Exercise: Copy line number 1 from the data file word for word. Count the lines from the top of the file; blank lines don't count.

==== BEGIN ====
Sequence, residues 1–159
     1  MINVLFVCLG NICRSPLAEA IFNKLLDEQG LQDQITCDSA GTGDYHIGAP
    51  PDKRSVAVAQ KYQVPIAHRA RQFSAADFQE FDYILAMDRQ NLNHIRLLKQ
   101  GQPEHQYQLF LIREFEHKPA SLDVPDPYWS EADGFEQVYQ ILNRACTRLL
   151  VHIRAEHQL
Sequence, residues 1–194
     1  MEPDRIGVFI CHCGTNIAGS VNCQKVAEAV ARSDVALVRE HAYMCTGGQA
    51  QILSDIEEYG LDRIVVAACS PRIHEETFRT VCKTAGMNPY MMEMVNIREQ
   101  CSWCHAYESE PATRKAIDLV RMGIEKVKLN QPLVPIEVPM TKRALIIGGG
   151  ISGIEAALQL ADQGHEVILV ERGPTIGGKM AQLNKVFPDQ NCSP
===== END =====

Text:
Sequence, residues 1–159